Tom & Jan on Waiouru have cruised through the re-opened canal today and been kind enough let me have photos of the finished work, with permission to publish them.
I wonder what the mooring bollards are for. Perhaps they will be handy for workboats when maintenance is being carried out.
The new stop gates have overlapping beams at different heights, although there is very little clearance between them. It will take very little warping with age before they start touching each other and I wonder how long it will be before adjustments are required.
There are grooves for stop planks to be inserted so work can be carried out on the gates. Hopefully that won’t be needed too often.
The Bridgewater Canal has been closed since 2nd November 2015, just to the west of Worsley, for the installation of stop gates.
Large warning signs at each end, like this one at Leigh, handily positioned on the stop planks for a photo opportunity, tell boaters it will be closed until 29th February 2016.
Cycling along the Leigh Branches of the Bridgewater and Leeds & Liverpool Canals yesterday to check the data for my maps is up to date, I passed the work site as they were nearing completion.
The stop gates have been added at the Leigh End of the narrows for a former lift bridge which explains the old stonework in the photo.
Peering under the arm of the digger we can see one pair of stop gates closed and pointing towards us, with another pair behind them in the open position and pointing in the opposite direction. With long lengths of lock free canals it’s important to be able to stem the water flow in either direction in the event of a breach.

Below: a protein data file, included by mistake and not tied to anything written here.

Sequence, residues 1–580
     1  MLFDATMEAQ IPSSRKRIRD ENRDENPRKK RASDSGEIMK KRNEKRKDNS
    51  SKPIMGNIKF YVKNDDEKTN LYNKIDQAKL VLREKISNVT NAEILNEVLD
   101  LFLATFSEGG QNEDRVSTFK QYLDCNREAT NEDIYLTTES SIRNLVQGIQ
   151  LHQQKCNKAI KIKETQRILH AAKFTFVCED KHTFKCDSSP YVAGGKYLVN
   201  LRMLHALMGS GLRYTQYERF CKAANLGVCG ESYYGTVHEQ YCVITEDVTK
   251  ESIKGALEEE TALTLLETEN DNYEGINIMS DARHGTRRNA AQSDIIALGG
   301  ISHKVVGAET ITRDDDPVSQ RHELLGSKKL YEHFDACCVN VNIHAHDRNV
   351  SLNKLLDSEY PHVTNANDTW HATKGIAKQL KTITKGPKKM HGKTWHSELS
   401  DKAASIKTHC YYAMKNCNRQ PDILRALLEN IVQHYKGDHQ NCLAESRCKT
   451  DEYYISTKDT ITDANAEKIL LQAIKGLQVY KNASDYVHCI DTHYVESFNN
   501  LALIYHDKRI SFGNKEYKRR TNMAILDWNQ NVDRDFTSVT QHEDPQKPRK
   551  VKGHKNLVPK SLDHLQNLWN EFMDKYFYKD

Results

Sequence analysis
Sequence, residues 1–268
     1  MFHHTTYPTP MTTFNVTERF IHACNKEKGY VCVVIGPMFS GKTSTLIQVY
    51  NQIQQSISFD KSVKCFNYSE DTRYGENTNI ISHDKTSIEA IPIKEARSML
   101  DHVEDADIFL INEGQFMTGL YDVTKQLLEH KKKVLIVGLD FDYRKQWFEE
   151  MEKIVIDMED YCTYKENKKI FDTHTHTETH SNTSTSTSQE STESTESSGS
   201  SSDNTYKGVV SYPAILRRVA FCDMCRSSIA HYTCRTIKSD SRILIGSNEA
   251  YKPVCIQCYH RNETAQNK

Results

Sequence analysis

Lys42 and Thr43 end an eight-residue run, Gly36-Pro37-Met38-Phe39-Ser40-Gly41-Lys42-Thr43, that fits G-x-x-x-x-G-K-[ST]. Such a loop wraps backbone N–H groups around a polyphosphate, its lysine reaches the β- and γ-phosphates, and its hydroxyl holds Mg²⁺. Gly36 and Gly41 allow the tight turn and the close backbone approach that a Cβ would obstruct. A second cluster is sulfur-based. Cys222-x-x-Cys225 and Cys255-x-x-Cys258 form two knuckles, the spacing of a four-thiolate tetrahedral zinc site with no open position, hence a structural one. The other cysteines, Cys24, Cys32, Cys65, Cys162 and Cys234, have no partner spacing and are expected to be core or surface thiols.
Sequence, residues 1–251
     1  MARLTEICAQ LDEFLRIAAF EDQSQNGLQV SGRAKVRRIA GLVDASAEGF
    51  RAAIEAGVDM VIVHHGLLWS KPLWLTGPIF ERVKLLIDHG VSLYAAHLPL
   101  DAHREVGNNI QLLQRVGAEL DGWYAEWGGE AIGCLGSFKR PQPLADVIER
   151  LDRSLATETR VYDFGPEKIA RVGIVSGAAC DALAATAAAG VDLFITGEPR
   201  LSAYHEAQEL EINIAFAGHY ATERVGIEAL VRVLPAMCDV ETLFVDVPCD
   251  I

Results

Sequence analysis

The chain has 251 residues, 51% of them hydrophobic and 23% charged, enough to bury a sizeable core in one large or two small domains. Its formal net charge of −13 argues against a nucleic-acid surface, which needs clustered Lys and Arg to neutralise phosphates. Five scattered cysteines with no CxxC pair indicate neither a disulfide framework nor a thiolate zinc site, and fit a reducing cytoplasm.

The side on view show the gate beams at different heights so they can be opened and closed independently. These pairs of gates follow the convention of pointing away from each other. The water between them can be pumped out during tests every few years to check the gates successfully hold back the water.
They were clearing up the site as I passed and starting to take down the safety fencing. They said they would breach the dams in the next day or two to check it all worked. If they do that with the gates closed they can test for leaks into the central section which should remain dry, at least until filled by the inevitable small leaks, but that might cause another problem.
I could see no sign of any paddle gear and, having been separated for months the two ends of the canal are unlikely to be at exactly the same level. When the leaks have filled the central section then one set of gates can be opened but any difference in water levels will still hold the second pair shut.
There could be a long wait until the levels in the two long pounds can be equalised if they test the gates this way. Removing the dams with the stop gates open, and testing by pumping might be a better solution.
Boaters who have been waiting for passage, like Tom and Jan on Waiouru, should find the canal open next week as planned.